President Obama and Congressional leaders, despite having met for the fourth consecutive day with the deadline fast approaching, do not yet seem any closer to striking a deal to avoid a U.S. default. Discussions are centered around a deal that would increase the debt ceiling somewhere in the range of $2.5 trillion to ensure that the issue will not resurface any time before the 2012 elections. A corresponding deficit reduction package of the same dollar value would accompany the increase in the debt ceiling.
Before the President took over negotiations directly, Vice President Biden’s meetings with Congressional leaders had identified somewhere in the range of $1.5-1.7 trillion in deficit reduction that both parties were willing to support. However, how to bridge the gap from there to $2.5 trillion has been the subject of the latest impasse. Democrats are insisting that revenue enhancements must make up the majority of the gap, but Republicans are resisting and pushing for additional spending or entitlement cuts instead. According to news reports, House Majority Leader Eric Cantor (R-VA) told the President yesterday that the two sides were too far apart to make a deal and that a short-term increase in the debt limit might be needed. President Obama has already threatened to veto a short-term increase, and after Cantor’s suggestion he reportedly abruptly ended yesterday’s meeting.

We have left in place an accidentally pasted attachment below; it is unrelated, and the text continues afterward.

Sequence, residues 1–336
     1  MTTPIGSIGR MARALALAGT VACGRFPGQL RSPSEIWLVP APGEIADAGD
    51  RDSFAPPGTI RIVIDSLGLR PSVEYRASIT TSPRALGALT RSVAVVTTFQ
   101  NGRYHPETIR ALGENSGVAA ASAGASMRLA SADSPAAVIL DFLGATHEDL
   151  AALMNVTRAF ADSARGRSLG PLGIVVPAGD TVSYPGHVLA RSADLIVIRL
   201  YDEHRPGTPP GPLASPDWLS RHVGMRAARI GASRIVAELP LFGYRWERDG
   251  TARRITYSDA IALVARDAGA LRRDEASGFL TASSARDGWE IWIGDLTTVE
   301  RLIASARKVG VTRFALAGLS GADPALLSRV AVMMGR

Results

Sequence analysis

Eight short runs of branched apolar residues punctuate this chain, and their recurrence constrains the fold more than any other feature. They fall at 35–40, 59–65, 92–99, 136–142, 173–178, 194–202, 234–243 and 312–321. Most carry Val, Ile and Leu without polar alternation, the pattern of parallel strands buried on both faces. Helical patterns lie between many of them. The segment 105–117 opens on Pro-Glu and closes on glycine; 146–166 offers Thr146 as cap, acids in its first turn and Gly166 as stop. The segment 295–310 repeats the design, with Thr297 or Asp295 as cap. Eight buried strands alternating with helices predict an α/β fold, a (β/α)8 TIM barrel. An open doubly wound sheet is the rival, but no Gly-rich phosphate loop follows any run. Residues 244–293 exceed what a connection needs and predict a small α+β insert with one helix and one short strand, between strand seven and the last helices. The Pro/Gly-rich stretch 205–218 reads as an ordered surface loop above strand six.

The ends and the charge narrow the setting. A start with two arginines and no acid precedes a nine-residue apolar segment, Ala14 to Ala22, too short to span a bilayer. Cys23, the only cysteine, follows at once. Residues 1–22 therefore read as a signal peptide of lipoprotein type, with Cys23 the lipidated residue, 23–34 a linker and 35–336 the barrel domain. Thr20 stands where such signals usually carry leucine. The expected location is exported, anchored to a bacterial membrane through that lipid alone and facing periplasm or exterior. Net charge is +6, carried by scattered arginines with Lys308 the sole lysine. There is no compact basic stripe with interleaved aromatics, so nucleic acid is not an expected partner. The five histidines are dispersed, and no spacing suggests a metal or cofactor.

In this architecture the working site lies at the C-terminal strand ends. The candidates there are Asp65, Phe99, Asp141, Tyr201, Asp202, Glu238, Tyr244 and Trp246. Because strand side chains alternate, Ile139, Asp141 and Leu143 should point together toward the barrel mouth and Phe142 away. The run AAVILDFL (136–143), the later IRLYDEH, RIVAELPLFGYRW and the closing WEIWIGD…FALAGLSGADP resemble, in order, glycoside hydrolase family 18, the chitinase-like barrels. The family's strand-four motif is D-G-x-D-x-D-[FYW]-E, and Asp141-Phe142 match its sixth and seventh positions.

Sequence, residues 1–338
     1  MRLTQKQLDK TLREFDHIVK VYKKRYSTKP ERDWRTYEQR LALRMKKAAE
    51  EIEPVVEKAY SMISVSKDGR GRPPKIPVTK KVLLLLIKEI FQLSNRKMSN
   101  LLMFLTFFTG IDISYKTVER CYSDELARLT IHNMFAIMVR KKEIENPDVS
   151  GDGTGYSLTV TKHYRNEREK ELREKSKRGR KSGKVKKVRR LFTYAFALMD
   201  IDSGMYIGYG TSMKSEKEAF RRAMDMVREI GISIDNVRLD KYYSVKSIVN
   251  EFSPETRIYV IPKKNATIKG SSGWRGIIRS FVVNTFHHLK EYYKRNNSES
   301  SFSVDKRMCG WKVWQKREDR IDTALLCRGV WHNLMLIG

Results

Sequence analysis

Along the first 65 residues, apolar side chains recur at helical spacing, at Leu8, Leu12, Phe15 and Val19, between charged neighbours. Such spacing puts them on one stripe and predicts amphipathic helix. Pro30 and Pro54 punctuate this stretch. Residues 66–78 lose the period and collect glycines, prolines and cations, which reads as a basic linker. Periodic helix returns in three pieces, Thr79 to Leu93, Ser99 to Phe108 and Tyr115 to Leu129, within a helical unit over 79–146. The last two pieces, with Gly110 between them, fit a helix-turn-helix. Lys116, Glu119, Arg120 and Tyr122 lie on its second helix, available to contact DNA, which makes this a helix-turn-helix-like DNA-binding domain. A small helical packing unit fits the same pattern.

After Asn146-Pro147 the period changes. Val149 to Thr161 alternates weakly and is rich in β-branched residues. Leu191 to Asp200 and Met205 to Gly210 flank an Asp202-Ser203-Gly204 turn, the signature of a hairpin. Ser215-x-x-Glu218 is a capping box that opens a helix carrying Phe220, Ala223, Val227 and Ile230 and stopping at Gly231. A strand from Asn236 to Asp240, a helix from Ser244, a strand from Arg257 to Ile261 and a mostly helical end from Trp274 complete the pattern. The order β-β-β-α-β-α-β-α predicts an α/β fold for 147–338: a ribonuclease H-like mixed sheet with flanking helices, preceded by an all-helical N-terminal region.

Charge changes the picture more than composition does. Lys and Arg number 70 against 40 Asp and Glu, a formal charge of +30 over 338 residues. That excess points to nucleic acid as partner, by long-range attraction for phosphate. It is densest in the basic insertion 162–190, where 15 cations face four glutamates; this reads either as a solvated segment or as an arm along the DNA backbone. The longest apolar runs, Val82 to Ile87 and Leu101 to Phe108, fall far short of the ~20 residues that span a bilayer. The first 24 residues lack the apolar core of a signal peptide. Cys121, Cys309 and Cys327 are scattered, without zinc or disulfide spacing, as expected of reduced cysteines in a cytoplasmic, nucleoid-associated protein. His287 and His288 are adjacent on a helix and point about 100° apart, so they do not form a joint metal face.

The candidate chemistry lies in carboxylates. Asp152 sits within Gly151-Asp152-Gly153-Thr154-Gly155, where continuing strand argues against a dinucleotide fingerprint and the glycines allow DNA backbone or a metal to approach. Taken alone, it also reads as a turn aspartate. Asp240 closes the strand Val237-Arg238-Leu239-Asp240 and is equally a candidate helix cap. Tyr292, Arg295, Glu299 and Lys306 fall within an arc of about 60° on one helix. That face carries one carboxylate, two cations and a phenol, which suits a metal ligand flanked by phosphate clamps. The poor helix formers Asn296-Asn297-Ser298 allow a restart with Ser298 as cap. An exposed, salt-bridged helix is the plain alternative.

If the President and Congressional leaders cannot bridge the gap to $2.5 trillion, a number of other approaches are possible, including a proposal by Senate Minority Leader Mitch McConnell (R-KY) to make the $2.5 trillion available in three separate increments with each requiring the President to identify corresponding savings that would be subject to a resolution of disapproval in Congress. Some have also suggested that the President could use his powers under the 14th Amendment to unilaterally increase the debt ceiling, but the White House has downplayed this suggestion and a recent report by the Congressional Research Service doubts its legality.
Meanwhile, as the clock ticks on, the credit rating agency Moody’s Investors Service yesterday announced that it was putting the U.S. government’s AAA bond rating “under review,” citing the potential for a default if the government does not take action soon. Obama has pushed for a deal by the end of the week but the prospects for that happening currently look bleak.